INDIANAPOLIS (WISH) — WISH-TV and Bailey and Wood Mortgage Lenders awarded nine teachers the Golden Apple Award in the 2020-2021 school year.
We took student, parent, and community member nominations each month and surprised the winning teachers in-class with a golden trophy, $500 jumbo check, and a nomination video featuring their students explaining the teacher’s positive impact.
In the Golden Apple Grand Finale Special, all nine teachers were invited to the WISH-TV Studios for a celebration of their achievements. One teacher was also honored as the Grand Finale Winner, receiving $1,000 and a glass trophy.
September’s winner: Emma Bleakman, 3rd grade teacher at Boone Meadow Elementary. She uses creativity and a background in neuroscience to create a classroom focused on helping a child’s brain learn and grow. She was in disbelief when we surprised her outside of her school. We asked what was going through her mind as she opened the school’s front door.
“I was so confused. I thought maybe they have the wrong person,” said Miss Bleakman, laughing. “And then I realized that I was for me and all I could think about was the people that made an impact on my life, and I was all of them combined, and they’ve poured into me so much. I felt like any and all recognition was meant for them.”
October’s winner: Kimberly Appleton, 6th grade Language Arts teacher at Indian Creek Middle School. She created a community closet and pantry for her students. We surprised her in front of about 160 cheering students. We asked her what her students had to say after the award presentation.
“They were so excited about everything that happened and it was really funny because they wanted to watch the video the entire day.” she said. “But most importantly they had questions about the closet so I got to spend time answering questions about the items they might benefit from that are in that closet.”
November’s winner: Zachary Rohrbach, physics teacher at Avon High School. He created a series of online teaching videos to help students understand physics during virtual leaning. He told us he started teaching because he loves science but continues teaching because he loves his students.
“I really do love the young men and women I work with. It’s just great to be a part of their lives in a small way,” he said. “I feel like God gave me this interest in physics but where he led me with that is remarkable I think.”
December’s winner and the Golden Apple Grand Finale Winner: Marcus Dalton, PE teacher at Nora Elementary School. He’s reaching more than just his students with exercise videos driven by his fun personality.
“It just warms my heart to see the impact and how many people that love that and they get something from my videos,” he said. “I teach PE and what I do, those small videos, I’m just doing my job and I’m having fun and so to see the impact that they made just blows me away.”
January’s winner: Dan Moosbrugger, art teacher at Hamilton Southeastern High School. He created a peer learning class that pairs special education students with art students to help them express feelings.
“My advice to students for next year would be to let this past year be an experience we learn from. While it was hard, and we all had our struggles, we can use these days to appreciate the good that surrounds us, and help us see how much we can do together. “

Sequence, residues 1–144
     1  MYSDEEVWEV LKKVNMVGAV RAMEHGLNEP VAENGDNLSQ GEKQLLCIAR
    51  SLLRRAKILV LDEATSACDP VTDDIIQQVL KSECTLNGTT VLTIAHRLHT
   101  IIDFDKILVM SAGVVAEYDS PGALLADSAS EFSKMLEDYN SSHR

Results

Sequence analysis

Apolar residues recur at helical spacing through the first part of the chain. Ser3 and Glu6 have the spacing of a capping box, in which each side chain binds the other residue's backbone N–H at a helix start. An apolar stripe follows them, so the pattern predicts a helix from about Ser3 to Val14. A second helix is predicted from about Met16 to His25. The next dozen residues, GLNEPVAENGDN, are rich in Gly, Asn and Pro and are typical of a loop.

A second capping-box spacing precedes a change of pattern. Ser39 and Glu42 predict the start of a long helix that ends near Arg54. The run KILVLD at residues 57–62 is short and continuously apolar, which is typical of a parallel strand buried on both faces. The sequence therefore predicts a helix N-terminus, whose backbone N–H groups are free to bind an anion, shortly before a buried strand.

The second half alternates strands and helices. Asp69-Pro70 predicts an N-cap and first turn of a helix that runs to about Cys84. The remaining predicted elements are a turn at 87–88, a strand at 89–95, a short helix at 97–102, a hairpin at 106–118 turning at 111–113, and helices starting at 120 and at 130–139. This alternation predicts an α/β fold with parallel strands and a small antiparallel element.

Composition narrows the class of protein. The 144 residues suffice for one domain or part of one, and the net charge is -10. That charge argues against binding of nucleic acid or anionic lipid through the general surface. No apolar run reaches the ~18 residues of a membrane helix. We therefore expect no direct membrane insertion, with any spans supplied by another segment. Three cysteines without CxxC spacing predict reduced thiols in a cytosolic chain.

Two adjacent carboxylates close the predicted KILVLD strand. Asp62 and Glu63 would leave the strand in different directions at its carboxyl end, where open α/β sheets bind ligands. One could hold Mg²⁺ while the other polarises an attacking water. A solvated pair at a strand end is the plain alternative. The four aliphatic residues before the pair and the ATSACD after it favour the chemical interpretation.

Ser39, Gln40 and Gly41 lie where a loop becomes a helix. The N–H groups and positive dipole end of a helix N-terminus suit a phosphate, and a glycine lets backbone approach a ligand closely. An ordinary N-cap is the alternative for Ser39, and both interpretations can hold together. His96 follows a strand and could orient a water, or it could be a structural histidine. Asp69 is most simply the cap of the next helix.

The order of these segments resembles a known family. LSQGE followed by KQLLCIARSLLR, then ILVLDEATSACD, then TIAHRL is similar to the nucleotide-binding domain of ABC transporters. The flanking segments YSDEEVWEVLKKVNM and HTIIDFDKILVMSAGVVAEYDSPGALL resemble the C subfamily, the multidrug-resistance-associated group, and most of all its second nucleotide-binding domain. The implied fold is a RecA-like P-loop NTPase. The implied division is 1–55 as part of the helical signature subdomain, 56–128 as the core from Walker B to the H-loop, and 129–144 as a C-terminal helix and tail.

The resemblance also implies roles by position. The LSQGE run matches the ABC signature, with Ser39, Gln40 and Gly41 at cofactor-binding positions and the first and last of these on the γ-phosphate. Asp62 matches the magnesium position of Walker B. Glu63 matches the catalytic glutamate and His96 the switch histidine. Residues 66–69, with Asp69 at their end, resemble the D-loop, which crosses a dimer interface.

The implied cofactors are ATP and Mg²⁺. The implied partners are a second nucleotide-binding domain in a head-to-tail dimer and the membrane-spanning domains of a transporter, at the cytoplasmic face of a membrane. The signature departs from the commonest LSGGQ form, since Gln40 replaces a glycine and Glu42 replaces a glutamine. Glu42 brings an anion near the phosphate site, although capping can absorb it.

February’s winner: Rhiannon Sanders, design teacher at Cardinal Ritter High School. She created a diversity club for students to discuss world and local issue and relate to classmates in new ways. We asked her what it means to her to lead with her personality.
“I think all of us teachers are there not just because of a passion for the content but to make a connection with the students,” she said. “Especially in art because there isn’t one correct answer. It brings out vulnerabilities and if we do it right it brings out our voice. I feel like if I’m asking my students to take risks and be vulnerable I have to do that first.”
March’s winner: Dan Andersen, choir teacher at Center Grove Middle School Central. He’s taught generations of students how to sing and be good world citizens, including his three daughters who became teachers. He’s also an author of a book about teaching young singers.
“I’m meeting with the publisher next week about the possibility of a second book,” he said when we asked about his future plans. ” My kids have told me that I can’t retire until all my grandkids have gone through. My youngest nearby is Owen and he’s four, so I have 10 more years. I’ll be 70, that’s okay.”
April’s winner: Gary Roberts, math teacher and sports coach at Warren Central High School. He created the girl’s lacrosse program and connects with students in a video series featuring recipes, workouts, and bedtime stories.
“The kids’ world really changed in a snap. We were out at practice when we got the call that we weren’t coming back,” he said, referencing the beginning of the COVID-19 pandemic. “The kids had a lot of anxiety and I decided they needed a little ‘me,’ so we had Time Out with Coach Roberts five days a week with a different theme each day.”
May’s winner: Alexandra DeSutter, first grade teacher at Pittsboro Primary School. She’s seen great success helping students who started first grade below academic levels due to the pandemic closing kindergartens. She’s one of the first teachers to teach post-pandemic learners entirely in-class. We asked her if she had any advice for teachers returning in the fall with students who haven’t been in class for a school year.
“You just have to pull on their strengths. Find where they’re at and you just have to go from there,” she said. “Take it one step at a time, one day at a time and keep pushing forward.”
To see 2020’s winners, click here.